Religious beliefs can limit a patient's contraceptive choices. When 'artificial' contraception is forbidden, a few natural methods may be acceptable:

  • Coitus interruptus (withdrawal before ejaculation) is a method practised by many, as it requires no special arrangements or planning. However, a great deal of self-control is required and it is not a particularly effective method (at best, 4% failure rate per annum):
    • Some men feel not ejaculating denies them the climax of intercourse. Ejaculation can take place just as long as it is not in the vagina or in the surrounding area.
  • The mucothermic method:
    • This relies on abstinence from intercourse at the most fertile time (around ovulation) of the menstrual cycle.
    • Most of these methods are better suited to older couples where fertility is reduced.
    • This group of patients is less likely to use emergency contraception or seek termination.[6]

Orthodox religions

These include Judaism, Islam, Hinduism and Sikhism. Orthodox followers of all these religions tend to:

  • Regard sex outside marriage as taboo.
  • Forbid abortion and regard menses as unclean.
  • Extend the taboos against sex before marriage to sex outside marriage, ie adultery.
  • Forbid seeing any other man than the husband in intimate circumstances.
  • Consider a male physician often as not acceptable, even with a chaperone.

The punishments for adultery or sex before marriage in certain countries/cultures can be death. These cultural taboos are followed more closely in some cultures than in others, even if they are of the same religion.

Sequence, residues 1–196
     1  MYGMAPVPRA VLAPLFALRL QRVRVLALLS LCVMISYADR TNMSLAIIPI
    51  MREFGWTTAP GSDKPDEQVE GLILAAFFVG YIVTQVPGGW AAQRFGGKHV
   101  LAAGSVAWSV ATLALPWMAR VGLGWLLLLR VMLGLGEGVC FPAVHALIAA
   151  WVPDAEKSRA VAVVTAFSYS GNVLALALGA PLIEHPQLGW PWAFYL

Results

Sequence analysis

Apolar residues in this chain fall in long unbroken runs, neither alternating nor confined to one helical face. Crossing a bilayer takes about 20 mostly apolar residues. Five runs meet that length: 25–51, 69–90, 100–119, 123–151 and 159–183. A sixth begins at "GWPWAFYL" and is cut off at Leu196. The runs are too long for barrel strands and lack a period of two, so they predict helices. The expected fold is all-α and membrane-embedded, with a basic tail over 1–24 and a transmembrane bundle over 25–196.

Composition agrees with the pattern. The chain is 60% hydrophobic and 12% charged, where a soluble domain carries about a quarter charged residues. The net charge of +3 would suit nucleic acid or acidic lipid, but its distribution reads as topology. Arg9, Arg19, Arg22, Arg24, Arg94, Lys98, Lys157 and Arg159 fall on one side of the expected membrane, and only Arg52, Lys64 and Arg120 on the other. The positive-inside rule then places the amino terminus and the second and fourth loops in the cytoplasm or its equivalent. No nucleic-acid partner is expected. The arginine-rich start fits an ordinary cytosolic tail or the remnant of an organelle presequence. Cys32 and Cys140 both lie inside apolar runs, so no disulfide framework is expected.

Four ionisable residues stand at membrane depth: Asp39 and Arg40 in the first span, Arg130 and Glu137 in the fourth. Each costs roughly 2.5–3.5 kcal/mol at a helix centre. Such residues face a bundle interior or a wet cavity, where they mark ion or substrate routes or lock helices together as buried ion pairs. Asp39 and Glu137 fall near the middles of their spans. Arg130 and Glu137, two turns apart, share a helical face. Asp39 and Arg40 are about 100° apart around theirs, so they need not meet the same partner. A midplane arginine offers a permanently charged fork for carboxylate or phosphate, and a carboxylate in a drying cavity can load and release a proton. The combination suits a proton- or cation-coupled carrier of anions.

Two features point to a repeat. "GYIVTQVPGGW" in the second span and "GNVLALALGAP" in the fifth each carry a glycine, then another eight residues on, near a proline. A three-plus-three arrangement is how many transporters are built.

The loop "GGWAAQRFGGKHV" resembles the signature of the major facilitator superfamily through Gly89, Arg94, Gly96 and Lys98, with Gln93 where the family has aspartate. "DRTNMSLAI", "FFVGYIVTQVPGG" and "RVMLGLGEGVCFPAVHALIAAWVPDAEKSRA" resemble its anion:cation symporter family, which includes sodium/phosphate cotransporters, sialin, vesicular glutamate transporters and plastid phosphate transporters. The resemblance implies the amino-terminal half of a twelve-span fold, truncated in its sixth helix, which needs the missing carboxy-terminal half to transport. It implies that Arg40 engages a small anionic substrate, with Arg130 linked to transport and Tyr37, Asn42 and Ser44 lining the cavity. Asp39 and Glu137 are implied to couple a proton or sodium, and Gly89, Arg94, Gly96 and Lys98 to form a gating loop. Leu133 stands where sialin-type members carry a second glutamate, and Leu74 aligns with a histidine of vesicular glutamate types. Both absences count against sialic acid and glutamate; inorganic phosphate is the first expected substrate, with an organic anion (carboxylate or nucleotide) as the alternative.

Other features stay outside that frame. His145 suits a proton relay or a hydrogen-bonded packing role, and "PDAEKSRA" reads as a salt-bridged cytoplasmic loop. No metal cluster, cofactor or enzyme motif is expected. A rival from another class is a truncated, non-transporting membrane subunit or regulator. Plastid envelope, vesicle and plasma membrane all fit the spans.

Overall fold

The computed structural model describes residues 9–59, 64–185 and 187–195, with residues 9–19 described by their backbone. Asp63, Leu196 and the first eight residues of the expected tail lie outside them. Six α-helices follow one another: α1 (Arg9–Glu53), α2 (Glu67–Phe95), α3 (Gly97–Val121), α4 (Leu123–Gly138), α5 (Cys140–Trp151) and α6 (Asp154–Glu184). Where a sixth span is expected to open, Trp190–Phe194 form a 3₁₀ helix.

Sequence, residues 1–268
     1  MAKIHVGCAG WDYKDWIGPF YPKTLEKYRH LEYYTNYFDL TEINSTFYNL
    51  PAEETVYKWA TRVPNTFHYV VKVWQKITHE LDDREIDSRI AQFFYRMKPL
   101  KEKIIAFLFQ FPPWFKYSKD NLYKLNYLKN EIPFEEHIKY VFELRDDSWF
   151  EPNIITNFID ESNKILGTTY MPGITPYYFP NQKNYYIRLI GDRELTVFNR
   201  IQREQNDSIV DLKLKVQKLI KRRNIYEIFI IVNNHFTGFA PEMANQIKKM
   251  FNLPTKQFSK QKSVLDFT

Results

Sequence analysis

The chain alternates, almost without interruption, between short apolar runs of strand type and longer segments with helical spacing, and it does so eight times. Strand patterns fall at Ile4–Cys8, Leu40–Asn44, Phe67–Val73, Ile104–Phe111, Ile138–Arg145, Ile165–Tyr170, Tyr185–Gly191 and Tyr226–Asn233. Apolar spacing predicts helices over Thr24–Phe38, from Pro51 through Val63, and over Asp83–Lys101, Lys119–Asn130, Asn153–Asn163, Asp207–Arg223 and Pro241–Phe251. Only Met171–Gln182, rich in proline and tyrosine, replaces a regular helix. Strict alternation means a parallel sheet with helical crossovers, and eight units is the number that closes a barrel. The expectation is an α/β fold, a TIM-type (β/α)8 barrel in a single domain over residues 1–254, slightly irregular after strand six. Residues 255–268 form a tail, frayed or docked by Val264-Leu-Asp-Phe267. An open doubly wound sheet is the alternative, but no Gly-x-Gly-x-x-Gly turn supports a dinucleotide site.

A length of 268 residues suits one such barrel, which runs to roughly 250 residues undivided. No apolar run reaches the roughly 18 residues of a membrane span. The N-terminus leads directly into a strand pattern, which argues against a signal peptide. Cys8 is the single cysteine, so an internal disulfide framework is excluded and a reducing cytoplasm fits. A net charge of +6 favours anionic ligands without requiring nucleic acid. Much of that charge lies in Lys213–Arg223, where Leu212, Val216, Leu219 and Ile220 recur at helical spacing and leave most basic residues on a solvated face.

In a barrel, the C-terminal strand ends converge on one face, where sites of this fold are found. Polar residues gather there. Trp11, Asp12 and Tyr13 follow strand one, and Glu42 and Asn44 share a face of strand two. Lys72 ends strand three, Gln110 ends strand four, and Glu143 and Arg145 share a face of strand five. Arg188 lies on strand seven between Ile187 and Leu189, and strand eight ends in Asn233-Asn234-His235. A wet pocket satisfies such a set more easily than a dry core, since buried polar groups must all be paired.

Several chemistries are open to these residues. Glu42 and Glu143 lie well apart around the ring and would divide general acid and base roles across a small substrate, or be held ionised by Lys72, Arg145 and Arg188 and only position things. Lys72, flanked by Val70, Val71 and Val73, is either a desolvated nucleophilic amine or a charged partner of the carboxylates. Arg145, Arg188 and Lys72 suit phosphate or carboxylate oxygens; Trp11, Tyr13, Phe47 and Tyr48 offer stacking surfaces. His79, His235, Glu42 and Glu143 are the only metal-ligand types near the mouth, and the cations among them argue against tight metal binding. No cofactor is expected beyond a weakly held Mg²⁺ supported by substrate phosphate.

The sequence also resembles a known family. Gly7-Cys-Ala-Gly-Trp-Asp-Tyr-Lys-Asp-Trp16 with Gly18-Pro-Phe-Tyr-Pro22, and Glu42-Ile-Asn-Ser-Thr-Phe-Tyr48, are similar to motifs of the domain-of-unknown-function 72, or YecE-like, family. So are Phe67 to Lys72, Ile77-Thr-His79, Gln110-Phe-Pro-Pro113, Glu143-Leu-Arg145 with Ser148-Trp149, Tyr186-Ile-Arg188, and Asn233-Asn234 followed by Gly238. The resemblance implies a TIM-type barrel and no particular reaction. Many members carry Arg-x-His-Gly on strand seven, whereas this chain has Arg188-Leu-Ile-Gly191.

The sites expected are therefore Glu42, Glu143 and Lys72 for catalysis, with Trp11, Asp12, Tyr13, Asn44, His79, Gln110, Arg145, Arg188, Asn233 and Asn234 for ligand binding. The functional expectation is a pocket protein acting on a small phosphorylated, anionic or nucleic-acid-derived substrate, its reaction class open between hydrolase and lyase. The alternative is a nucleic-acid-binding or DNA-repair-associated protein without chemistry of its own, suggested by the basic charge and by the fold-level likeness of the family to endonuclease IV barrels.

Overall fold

NB: medical indications can override many prohibitions.


Contraception and abortion are forbidden in Catholicism. Mucothermic methods of contraception are acceptable.

The best course is to ask the patient if there are any special considerations you need to be aware of in view of their religion or background. This gives you a better picture of what they consider important.

One of the effects of contraceptive control has been to liberate the tie between sex and reproduction:

  • This gives women the freedom to time their pregnancies to fit in with a more independent lifestyle.
  • It also allows them freedom to follow other paths such as study and employment, and releases them from dependence on the men.
  • It has liberated them from uncontrolled large families (they can still have them but now it's by choice).

One of the results of this has been to empower women within their societies.

Contraceptive control can have effects on political control. This means that controlling the availability of certain contraceptive choices can manipulate the population's behaviour - eg, some governments or religious organisations may give inducements for using, or not using, contraception.